“[T]he argument is really about how we perceive history, ourselves, and ourselves in history. We learn to think of history as something that has already happened, to other people. Our own moment, filled as it is with minutiae destined to be forgotten, always looks smaller in comparison. As for history, the greater the event, the more mythologized it becomes. Despite our best intentions, the myth becomes a caricature of sorts. Hitler, or Stalin, comes to look like a two-dimensional villain — someone whom contemporaries could not have seen as a human being. The Holocaust, or the Gulag, are such monstrous events that the very idea of rendering them in any sort of gray scale seems monstrous, too. This has the effect of making them, essentially, unimaginable. . . If this can’t happen, then the thing that is happening is not it. What we see in real life, or at least on television, can’t possibly be the same monstrous phenomenon that we have collectively decided is unimaginable.”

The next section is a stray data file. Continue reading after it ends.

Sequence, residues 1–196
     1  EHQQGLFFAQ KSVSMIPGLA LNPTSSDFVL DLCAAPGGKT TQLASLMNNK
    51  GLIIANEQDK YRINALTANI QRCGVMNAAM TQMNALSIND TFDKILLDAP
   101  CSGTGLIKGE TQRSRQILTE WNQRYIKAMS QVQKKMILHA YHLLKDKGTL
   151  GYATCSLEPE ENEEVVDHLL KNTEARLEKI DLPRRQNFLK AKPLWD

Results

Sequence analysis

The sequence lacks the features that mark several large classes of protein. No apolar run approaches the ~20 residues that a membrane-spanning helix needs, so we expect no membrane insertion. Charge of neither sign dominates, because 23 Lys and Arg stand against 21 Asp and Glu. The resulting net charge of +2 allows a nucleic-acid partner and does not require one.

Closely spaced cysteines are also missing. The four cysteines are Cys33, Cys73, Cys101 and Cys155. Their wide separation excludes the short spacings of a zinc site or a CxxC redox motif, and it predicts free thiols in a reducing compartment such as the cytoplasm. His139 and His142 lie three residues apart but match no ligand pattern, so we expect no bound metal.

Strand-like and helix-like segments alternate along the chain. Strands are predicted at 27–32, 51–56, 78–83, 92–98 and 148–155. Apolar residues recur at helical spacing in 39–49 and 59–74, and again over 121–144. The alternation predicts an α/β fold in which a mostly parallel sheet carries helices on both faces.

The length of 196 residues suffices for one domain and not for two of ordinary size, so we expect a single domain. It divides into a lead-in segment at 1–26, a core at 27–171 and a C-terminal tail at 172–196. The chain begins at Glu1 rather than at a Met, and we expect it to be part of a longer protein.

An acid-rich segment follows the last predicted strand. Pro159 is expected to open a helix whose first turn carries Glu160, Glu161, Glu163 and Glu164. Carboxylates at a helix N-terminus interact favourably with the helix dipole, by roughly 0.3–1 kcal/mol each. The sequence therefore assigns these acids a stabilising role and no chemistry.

History has aligned the term “Concentration Camps” with the atrocities of the Soviet Union and Nazi Germany. They were unimaginably horrific deeds committed by unimaginably horrific regimes. Therefore, to use “concentration camps” to refer to anything other than the Gulags or the Lagers is presumably to misuse it: therefore the arguments that the detention centers are not concentration camps, as well as Ocasio-Cortez’s claim that they are, both trade on a kind of ignorance of the way in which the term’s meaning has changed for us, us Americans: